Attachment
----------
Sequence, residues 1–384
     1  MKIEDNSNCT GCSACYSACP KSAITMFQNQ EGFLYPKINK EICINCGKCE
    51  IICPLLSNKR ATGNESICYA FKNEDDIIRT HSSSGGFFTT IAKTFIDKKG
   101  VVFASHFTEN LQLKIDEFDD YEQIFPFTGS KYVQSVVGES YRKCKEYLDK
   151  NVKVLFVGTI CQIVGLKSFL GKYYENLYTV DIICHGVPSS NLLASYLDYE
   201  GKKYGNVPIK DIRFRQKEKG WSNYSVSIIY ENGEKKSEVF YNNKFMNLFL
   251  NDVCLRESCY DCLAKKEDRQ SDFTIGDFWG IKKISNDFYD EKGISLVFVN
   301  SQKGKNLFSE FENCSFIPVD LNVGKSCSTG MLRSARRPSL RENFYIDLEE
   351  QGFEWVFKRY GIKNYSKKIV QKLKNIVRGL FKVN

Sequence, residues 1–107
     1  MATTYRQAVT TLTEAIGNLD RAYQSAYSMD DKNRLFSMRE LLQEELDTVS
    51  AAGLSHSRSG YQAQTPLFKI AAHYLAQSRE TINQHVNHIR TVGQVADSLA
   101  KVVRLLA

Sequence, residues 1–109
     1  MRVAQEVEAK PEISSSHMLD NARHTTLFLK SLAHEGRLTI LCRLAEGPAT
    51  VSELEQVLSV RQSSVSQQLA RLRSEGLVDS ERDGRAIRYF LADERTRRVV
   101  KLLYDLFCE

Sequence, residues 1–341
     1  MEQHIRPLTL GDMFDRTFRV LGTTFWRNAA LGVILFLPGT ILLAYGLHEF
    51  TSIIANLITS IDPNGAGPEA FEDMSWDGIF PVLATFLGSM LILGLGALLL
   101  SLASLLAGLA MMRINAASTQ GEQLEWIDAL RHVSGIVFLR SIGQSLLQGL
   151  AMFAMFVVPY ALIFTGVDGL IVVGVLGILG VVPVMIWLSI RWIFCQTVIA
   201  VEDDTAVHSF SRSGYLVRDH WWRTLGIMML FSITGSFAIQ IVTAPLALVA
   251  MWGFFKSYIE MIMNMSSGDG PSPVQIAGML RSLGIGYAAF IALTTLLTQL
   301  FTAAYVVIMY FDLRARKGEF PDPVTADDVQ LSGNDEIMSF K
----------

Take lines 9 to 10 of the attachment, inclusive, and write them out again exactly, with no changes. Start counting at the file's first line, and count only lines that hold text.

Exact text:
   351  QGFEWVFKRY GIKNYSKKIV QKLKNIVRGL FKVN

Sequence, residues 1–107